Abnormal partitioning of hexokinase 1 suggests disruption of a glutamate transport protein complex in schizophrenia

dc.contributor.authorShan, Dan
dc.contributor.authorMount, Daniel
dc.contributor.authorMoore, Stephen
dc.contributor.authorHaroutunian, Vahram
dc.contributor.authorMeador-Woodruff, James H.
dc.contributor.authorMcCullumsmith, Robert E.
dc.contributor.otherUniversity of Alabama Birmingham
dc.contributor.otherUniversity of Alabama Tuscaloosa
dc.contributor.otherIcahn School of Medicine at Mount Sinai
dc.date.accessioned2023-09-28T20:40:12Z
dc.date.available2023-09-28T20:40:12Z
dc.date.issued2014
dc.description.abstractExcitatory amino acid transporter 2 (EAAT2) belongs to a family of Na+ dependent glutamate transporters that maintain a low synaptic concentration of glutamate by removing glutamate from the synaptic cleft into astroglia and neurons. EAAT2 activity depends on Na+ and K+ gradients generated by Na+/K+ ATPase and ATP. Hexokinase 1 (HK1), an initial enzyme of glycolysis, binds to mitochondrial outer membrane where it couples cytosolic glycolysis to mitochondrial oxidative phosphorylation, producing ATP utilized by the EAAT2/Na+/K+ ATPase protein complex to facilitate glutamate reuptake. In this study, we hypothesized that the protein complex formed by EAAT2, Na+/K+ ATPase and mitochondrial proteins in human postmortem prefrontal cortex may be disrupted, leading to abnormal glutamate transmission in schizophrenia. We first determined that EAAT2, Na+/K+ ATPase, HK1 and aconitase were found in both EAAT2 and Na+/K+ ATPase interactomes by immunoisolation and mass spectrometry in human postmortem prefrontal cortex. Next, we measured levels of glutamate transport complex proteins in subcellular fractions in the dorsolateral prefrontal cortex and found increases in the EAAT2B isoform of EAAT2 in a fraction containing extrasynaptic membranes and increased aconitase 1 in a mitochondrial fraction. Finally, an increased ratio of HK1 protein in the extrasynaptic membrane/mitochondrial fraction was found in subjects with schizophrenia, suggesting that HK1 protein is abnormally partitioned in this illness. Our findings indicate that the integrity of the glutamate transport protein complex may be disrupted, leading to decreased perisynaptic buffering and reuptake of glutamate, as well as impaired energy metabolism in schizophrenia. (C) 2014 Elsevier B. V. All rights reserved.en_US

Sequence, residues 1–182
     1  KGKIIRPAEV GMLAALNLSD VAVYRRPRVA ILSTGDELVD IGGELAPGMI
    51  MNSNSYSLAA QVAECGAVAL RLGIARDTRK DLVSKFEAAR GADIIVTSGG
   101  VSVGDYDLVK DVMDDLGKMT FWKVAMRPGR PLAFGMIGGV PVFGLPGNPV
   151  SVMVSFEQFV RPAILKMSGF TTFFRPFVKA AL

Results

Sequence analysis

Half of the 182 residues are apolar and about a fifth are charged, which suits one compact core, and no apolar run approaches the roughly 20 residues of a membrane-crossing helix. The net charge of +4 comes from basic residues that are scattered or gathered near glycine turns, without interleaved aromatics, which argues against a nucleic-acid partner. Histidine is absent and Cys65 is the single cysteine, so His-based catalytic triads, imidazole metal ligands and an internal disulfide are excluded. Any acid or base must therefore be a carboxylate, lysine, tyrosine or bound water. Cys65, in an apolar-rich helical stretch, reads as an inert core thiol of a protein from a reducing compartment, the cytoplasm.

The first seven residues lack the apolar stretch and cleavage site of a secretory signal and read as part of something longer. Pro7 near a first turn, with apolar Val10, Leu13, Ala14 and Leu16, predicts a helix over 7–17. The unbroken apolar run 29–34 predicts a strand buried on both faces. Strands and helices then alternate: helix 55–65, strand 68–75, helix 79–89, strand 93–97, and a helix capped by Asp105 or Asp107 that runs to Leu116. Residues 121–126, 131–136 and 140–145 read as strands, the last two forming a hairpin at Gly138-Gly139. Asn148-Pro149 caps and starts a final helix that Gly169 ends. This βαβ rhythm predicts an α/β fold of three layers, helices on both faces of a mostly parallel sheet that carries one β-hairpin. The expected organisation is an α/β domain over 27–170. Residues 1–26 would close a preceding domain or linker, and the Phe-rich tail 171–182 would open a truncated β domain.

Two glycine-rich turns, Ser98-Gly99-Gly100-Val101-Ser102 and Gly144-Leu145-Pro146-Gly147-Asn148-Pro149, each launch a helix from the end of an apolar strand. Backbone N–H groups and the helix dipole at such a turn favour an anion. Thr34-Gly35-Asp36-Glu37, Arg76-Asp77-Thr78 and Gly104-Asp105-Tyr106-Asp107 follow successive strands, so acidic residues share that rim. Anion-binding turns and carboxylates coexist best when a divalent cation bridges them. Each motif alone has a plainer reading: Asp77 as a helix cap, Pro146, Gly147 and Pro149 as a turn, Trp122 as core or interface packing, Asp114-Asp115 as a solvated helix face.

dc.format.mediumelectronic
dc.format.mimetypeapplication/pdf
dc.identifier.citationShan, D., Mount, D., Moore, S., Haroutunian, V., Meador-Woodruff, J. H., & McCullumsmith, R. E. (2014). Abnormal partitioning of hexokinase 1 suggests disruption of a glutamate transport protein complex in schizophrenia. In Schizophrenia Research (Vol. 154, Issues 1–3, pp. 1–13). Elsevier BV. https://doi.org/10.1016/j.schres.2014.01.028
dc.identifier.doi10.1016/j.schres.2014.01.028
dc.identifier.urihttps://ir.ua.edu/handle/123456789/11755
dc.languageEnglish
dc.language.isoen_US
dc.publisherElsevier
dc.subjectExcitatory amino acid transporter (EAAT)
dc.subjectDorsolateral prefrontal cortex (DLPFC)
dc.subjectReuptake
dc.subjectPostmortem
dc.subjectImmunoisolation
dc.subjectMass spectrometry
dc.subjectAMINO-ACID TRANSPORTER-2
dc.subjectBRAIN ENERGY-METABOLISM
dc.subjectPREFRONTAL CORTEX
dc.subjectELDERLY-PATIENTS
dc.subjectALPHA-2 SUBUNIT
dc.subjectTRANSCRIPT EXPRESSION
dc.subjectAEROBIC GLYCOLYSIS
dc.subjectGENE-EXPRESSION
dc.subjectMESSENGER-RNA
dc.subjectNMDA RECEPTOR
dc.subjectPsychiatry
dc.titleAbnormal partitioning of hexokinase 1 suggests disruption of a glutamate transport protein complex in schizophreniaen_US
dc.typeArticle
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